American Heritage® Dictionary of the English Language, Fourth Edition
- n. Branches that have been cut or broken off.
- n. Dense undergrowth.
- n. An area covered by such growth.
Century Dictionary and Cyclopedia
- n. A thicket or coppice of small trees and shrubs.
- n. Branches of trees cut off.
- n. Branches and twigs fallen from trees and shrubs.
- n. Small trees and shrubs.
GNU Webster's 1913
- n. Brush; a thicket or coppice of small trees and shrubs.
- n. Small branches of trees cut off.
- n. the wood from bushes or small branches
- n. a dense growth of bushes
“Now, metaphorically speaking, a brush may be taken as a miniature wood; the common use of the term brushwood is a proof of the general acceptance of the metaphor.”
“Don't broadcast my voice on Seda va Sima [IRIB Music channel] ever again: my voice is like brushwood and thorns, and it will forever remain brushwood and thorns!”
“Close to us, hid in brushwood, was our own piquet; about 1000 yards from us was the Russian piquet.”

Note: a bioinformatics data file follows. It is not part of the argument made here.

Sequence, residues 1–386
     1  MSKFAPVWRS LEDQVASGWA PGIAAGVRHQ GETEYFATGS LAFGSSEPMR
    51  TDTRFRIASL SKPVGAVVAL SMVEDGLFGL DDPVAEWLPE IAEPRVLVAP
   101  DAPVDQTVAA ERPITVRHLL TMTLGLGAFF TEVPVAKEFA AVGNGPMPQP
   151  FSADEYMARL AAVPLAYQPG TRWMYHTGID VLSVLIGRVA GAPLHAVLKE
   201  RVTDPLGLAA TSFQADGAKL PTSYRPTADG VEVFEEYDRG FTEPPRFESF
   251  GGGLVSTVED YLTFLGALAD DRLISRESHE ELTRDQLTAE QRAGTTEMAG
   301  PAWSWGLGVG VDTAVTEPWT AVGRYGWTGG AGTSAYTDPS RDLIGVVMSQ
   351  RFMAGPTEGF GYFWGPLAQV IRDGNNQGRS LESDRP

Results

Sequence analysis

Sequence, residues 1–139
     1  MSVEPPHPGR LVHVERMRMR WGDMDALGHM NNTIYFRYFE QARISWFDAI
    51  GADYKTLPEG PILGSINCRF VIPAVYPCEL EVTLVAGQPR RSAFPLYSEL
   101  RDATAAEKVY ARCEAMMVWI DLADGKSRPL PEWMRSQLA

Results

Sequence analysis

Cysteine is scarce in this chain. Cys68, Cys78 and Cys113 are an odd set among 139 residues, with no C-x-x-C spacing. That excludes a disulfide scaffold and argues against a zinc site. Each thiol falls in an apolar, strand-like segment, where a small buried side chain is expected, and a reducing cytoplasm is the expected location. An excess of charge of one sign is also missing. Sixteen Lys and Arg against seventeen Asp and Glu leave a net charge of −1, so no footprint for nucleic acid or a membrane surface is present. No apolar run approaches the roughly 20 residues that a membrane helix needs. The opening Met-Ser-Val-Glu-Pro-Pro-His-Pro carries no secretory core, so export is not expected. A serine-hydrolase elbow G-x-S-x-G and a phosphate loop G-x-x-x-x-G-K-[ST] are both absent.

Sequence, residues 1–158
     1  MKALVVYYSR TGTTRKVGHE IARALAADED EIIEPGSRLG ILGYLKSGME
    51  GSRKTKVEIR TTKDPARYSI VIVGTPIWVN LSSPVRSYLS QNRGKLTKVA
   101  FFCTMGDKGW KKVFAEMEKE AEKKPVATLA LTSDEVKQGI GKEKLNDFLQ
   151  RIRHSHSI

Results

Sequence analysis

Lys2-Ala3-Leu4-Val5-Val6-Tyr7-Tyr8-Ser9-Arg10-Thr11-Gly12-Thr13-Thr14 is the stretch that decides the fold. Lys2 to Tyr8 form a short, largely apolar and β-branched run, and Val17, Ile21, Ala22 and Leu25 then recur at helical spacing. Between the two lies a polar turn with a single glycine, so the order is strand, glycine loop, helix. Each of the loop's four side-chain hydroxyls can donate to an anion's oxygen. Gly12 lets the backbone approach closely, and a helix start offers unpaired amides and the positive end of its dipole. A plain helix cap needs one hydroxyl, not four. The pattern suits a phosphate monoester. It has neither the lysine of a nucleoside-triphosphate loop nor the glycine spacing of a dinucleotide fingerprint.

“The Indians carried first our canoes and then our stores through the brushwood, which is very thick at this point, while we four whites, our rifles on our shoulders, walked between them and any danger coming from the woods.”
“Even the brushwood is a fruit tree, namely, the guava, which from its abundance is as noxious as a weed.”
“The brushwood is a mixture of twigs and sticks that the men have collected over the course of days, sleeping rough at night.”
“Certainly not; the vegetation is not so rich, few waterfalls are visible, and there is a slovenly appearance about the clayey or sandy surface, reddened here and there by ferruginous streamlets, and covered with weedy-looking brushwood which is quite at variance with the sloping gardens of the sunny south of”
“We were in an open place where only a low kind of brushwood grew, when suddenly my horse shied, gave a fearful snort, and sturdily refused to budge another inch.”
“Not a tree is to be seen except the low brushwood which is scantily distributed upon its surface.”
“A kind of brushwood covered his face, and through it peeped, with the tip of his hooked nose, the features I have described.”
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